I’ve never felt the urge to distill the wealth of skills behind any practice – artistic or otherwise – into one handy cut-out-and-keep reference sheet. But when I first moved to London, drawn into the heady pit of Zone 1 by the boozy aroma of a thespian networking night in central London, someone told me something very stark about “Good Directing” that, despite that fourth glass of wine, remained stubbornly lodged within my mind.
“Good Directing is all about the cohesion,” began this Sage of Soho, whose name, like so much else from that period, escapes me. “When a Good Director has been involved, you’ll notice that all of the actors clock in to the same play.” And so I began to see “Good Direction”, in all its straight-backed, inverted comma’d prestige, as the antithesis to mixed-media art. Good Direction wasn’t a Rauschenberg, ripe in junkyard glory and bits of newspaper. Good Direction was a neat picture, diligently put together using a brand-new pack of Berol felt tip pens.
And, flawed though it sounds, this rule hasn’t often let me down – until it did. Last Friday.
Ian Rickson’s take on Harold Pinter’s sixty year old play is a directorial masterpiece, made with the textural variation of a trolley dash through Cass Art. Throughout, six high-calibre actors tussle their way through this stifling drama, igniting the claustrophobic banality of Pinter’s everyman world. Power is thrown so vividly from character to character, splashed onto each scene with an unmissable brashness, it could be a material in its own right.
But while the notion of power is truly omnipresent, each application of authority doesn’t loiter around for long; rather, Rickson and his champion cast work to constantly tilt the balance of power, each character consistently plucking at the shape of control. Depending on the scene, the owner of the power could be a mother, a provider, a child or a stranger. The power could spring from sex appeal or violence, sensory deprivation or stupidity. It could be achieved through regimented, rehearsed control – or it could, perversely, spring from the creature who, in his pathetic nature, demands the doting attentions of others.
And, while all six characters tussle through the scenes, it’s in the exchanges between Zoë Wanamaker’s oppressively doting Meg, Toby Jones’ brattish Stanley and Stephen Mangan’s formidable Goldberg that the oscillations of power chime with the most precision. Urgently inquisitive – but seemingly unable to apply logic to a single word that she hears – boardinghouse owner Meg swallows every lie and exaggeration detonated by her lodger, as long as it maintains her cherished myth of maternal bliss. Towards Stanley, she coos, shrieks and flirts, treading the delicate line between mother and seductress – getting too close to her lodger, while harbouring the paradoxical delusion that he will be inclined (and able!) enough to carve out enough space between them to embark on a pursuit. ‘Do you ever ask yourself who exactly you are talking to?’ spits Jones’ character – shattering, in just one question, both of her fantasy roles.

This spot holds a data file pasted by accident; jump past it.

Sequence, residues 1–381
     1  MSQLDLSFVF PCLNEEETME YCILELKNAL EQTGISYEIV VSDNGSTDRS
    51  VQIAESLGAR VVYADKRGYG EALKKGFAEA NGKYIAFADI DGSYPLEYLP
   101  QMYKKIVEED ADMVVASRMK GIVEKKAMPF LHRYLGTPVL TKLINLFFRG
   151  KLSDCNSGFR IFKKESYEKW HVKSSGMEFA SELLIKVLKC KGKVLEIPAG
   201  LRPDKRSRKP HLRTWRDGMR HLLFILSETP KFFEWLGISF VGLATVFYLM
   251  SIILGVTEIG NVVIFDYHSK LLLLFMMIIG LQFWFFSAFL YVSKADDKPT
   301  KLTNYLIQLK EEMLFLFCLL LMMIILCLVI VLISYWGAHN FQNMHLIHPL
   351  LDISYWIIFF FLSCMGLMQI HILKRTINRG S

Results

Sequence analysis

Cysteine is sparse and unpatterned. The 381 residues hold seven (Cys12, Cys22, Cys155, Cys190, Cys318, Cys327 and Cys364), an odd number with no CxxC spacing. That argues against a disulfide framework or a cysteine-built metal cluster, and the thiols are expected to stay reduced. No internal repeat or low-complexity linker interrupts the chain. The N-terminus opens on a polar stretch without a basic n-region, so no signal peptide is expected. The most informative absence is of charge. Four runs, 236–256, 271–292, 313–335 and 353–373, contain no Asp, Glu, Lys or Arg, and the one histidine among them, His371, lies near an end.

While Meg’s agenda is clearly that of a woman striving to meet society’s expectations, Toby Jones’ Stanley derives the bulk of his unorthodox power from the kind of recklessness only an outsider can cultivate. The Stanley of Rickson’s production communicates in monosyllabic barks and, like a grouchy toddler, boasts the forthright nature of someone who has no use for good grace. It is this stubborn waywardness that briefly shields him from the menacing demands of the two men who intrude on his improvised family life. In refusing to subscribe to their conventional games, Stanley, with his high claims and tall tales, lets us know that everyone, when subject to the right slice of the whip, can become an underdog.
And then, armed with a shower of bulleted aphorisms, Stephen Mangan’s uncompromising Goldberg strikes his attempt at power. Mangan is mobile and meaningful, every hunch is measured to show his dormant energy; if, with one ankle resting on the knee of his opposite leg, he looks calm, it is because he knows of nothing to fear. He is cocksure, shouting out his life experience like a market trader touting wares. His aggressive utterances, crude and licentious, float across the space like the coverlines of a lads’ mag. Goldberg’s eventual victory is complete, however, as he converts Stanley into a malleable, gurgling soul with big, wondrous eyes and a look of naïve expectation. Goldberg here hasn’t just taken control of Stanley; in rendering the lodger babyish, he has overpowered Meg by transforming her all-too-implausible goal into his own all-too-easily-accomplished reality.
While the dynamism of this production lies in how things so frequently switch, there’s a pounding pessimism in how they invariably return. Once the birthday party is over, the boarding-house goes back to how it was – the only evidence of any disturbance being yesterday’s paper in the hearth and a broken gift in the corner. As Stanley exits, the Quay Brothers’ expansively dingy set opens up to the high lighting and heightened composition of a Biblical painting – but what follows for the overthrown Meg provides nothing worth framing. Rather, it is a return to humdrum, unfulfilled, childless domesticity: Corn Flakes, barking dogs and the inescapable isolation of being a powerless character in someone else’s play.
The Birthday Party is on until 14 April 2018 at the Harold Pinter Theatre. Click here for more details.